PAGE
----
Despite the evidence that a glass of wine every night can reduce the risk of heart disease, alcohol isn't healthy for everyone. If you are pregnant, drinking can harm your fetus. Even modest consumption of alcohol can increase your chances of cancer. Wine can worsen the syptoms of heartburn and rosacea. The extra calories from wine may also hinder your ability to lose weight. Sure, wine may help your heart, but the American Heart Association actually recommends diet and exercise as primary ways to protect heart health and to not rely on alcohol in any form to ward off heart disease. Your best bet is to talk to your doctor to see if drinking wine on a regular basis is right for you. Instead of drinking wine, have a glass of grape juice, watch your diet, and exercise.
Too much of a good thing is, well, too much. Though research has shown modest consumption (no more than three cups per day) of coffee can ward off Alzheimer's and diabetes as well as boost your mental and physical performance, consuming excess amounts of caffeine can put you into a tailspin. Megadoses of caffeine can cause upset stomach, insomnia, nervousness, headaches, caffeine dependence, dehydration and bone loss, particularly for women past menopause. In addition, those afternoon specialty coffee drinks may put you at risk for tipping the scales. For example, the venti white chocolate frappuccino with whipped cream at Starbucks tops out at a whopping 760 calories, 105 grams sugar, and 21 grams fat (more than half of which is saturated). Stick to three cups or less of coffee per day. To keep your gourmet coffee calories in check, read the nutrition information on your favorite coffee bar orders and opt for the drinks with the least calories, fat and sugars.
Think your daily multivitamin megadose is going to make up for your poor diet and lack of exercise? Think again. Popping a pill doesn't compensate for an unhealthy lifestyle. That doesn't mean, however, that supplements aren't good for you. Your first priority should be to take care of yourself by eating right, exercising, getting enough sleep, and managing your stress. If you have these components in place, a multivitamin can take up the slack. Supplements won't miraculously turn you into a superwoman, but they can augment an already healthy lifestyle. And keep in mind, taking supplements without following a healthy lifestyle is simply a waste of money.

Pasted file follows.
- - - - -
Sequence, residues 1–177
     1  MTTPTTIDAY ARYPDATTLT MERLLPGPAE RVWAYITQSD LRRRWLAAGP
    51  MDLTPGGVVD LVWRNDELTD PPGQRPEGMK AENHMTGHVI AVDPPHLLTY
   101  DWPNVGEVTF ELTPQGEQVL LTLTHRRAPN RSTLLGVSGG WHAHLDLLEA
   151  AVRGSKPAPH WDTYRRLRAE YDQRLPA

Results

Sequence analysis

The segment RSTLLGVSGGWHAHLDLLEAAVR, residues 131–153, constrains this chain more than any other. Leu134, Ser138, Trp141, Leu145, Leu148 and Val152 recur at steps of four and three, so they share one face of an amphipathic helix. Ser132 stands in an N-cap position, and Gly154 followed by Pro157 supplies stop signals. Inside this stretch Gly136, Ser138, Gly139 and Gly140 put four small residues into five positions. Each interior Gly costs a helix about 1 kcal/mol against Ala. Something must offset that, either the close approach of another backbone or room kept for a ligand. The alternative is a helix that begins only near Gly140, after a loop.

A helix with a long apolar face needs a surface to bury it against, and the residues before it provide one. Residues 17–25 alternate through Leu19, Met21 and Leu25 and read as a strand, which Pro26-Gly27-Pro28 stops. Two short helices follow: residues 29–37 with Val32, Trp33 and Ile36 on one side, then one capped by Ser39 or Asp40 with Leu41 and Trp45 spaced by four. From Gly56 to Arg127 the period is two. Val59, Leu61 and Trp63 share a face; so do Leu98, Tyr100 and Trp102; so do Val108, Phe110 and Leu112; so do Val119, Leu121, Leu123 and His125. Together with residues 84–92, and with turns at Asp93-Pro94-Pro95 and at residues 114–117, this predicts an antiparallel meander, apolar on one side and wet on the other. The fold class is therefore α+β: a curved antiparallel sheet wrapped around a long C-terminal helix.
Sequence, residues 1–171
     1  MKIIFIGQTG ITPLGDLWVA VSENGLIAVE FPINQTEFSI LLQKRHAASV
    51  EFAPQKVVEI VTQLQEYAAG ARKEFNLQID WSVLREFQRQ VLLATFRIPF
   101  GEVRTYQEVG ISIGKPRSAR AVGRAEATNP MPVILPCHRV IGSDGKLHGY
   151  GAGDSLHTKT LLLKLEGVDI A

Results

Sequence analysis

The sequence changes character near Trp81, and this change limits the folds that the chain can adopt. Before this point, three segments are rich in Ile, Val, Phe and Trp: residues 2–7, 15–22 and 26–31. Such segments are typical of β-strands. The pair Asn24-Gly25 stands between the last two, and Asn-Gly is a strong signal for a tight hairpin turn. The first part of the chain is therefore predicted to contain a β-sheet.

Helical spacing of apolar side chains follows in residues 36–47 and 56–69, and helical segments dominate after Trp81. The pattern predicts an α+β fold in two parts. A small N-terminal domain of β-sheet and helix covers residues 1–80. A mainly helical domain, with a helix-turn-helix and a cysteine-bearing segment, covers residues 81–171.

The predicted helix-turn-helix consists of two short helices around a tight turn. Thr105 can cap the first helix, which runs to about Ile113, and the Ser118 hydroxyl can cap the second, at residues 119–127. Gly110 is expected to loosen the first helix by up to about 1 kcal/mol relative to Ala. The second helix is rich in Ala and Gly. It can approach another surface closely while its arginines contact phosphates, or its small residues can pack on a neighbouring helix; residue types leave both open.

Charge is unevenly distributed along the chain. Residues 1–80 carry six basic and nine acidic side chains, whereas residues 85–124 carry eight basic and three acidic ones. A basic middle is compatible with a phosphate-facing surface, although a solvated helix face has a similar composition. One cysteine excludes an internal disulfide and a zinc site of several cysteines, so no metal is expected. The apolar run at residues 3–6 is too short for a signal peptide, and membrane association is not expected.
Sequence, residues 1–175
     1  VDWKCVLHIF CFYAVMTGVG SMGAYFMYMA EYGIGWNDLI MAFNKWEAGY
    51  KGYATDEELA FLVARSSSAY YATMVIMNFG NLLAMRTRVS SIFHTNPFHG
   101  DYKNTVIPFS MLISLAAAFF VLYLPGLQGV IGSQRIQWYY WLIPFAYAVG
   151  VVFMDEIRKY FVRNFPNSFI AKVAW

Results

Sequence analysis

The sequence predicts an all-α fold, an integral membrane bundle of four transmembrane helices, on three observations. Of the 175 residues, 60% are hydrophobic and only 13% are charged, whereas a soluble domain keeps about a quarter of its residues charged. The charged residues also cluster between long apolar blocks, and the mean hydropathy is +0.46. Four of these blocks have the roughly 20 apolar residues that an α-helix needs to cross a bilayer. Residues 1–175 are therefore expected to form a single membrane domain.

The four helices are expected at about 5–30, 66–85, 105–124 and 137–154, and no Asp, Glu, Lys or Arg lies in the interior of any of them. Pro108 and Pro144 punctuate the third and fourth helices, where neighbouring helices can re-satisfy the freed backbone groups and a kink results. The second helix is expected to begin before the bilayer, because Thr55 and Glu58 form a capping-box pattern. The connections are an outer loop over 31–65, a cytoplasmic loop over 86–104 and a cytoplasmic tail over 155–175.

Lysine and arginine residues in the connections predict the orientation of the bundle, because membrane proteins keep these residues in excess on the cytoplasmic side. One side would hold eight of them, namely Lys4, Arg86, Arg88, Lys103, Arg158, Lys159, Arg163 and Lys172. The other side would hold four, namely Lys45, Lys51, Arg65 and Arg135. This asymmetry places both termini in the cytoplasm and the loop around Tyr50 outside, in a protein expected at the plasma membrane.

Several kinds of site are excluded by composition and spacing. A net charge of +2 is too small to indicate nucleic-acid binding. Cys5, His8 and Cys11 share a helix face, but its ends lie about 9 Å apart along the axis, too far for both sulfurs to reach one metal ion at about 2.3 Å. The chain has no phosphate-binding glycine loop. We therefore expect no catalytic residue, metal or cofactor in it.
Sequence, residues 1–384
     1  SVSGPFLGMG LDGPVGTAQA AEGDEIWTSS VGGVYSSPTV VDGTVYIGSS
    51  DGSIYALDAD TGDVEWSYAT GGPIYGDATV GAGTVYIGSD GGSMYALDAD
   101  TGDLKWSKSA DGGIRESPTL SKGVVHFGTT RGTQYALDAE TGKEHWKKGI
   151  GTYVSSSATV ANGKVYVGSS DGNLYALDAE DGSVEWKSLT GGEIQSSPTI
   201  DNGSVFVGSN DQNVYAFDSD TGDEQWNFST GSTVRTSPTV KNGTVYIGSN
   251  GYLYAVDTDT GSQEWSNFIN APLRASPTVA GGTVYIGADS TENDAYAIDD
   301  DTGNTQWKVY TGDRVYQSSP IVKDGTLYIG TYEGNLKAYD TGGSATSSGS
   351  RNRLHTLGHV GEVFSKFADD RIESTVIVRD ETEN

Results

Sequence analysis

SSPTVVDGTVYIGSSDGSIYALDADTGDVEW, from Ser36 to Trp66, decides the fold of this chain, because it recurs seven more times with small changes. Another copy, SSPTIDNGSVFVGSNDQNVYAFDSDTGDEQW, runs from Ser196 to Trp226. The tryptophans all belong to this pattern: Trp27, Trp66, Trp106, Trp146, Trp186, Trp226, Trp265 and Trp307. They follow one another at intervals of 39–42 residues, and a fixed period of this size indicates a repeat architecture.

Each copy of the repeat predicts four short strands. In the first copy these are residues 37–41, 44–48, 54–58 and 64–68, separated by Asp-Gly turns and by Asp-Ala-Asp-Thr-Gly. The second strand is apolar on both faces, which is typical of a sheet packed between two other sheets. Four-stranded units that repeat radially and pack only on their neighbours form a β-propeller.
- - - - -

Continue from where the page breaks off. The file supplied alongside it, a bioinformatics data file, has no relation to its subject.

Sorry to disappoint you, but this isn't a free pass to avoid your doctor at all costs. This is your cue to think about your current schedule of doctor's visits. Do you wait until you're sick to make an appointment? If so, you're putting yourself at risk for many chronic diseases, including cancer, diabetes and heart disease, that often don't have serious symptoms. Even though annual exams are uncomfortable, require time out of your busy schedule, and, in some cases, run up costs, seeing your doctor can save your life. Your doctor can detect disease in their early stages, when they're most successfully treated, and she can alert you to your risk factors and give you the best recommendations for preventing disease. As you get older, regular doctor visits become even more crucial to your health. If it's been a while since you've had an annual exam, get on the phone and make an appointment today.
You can save your health or sabotage it. It's up to you.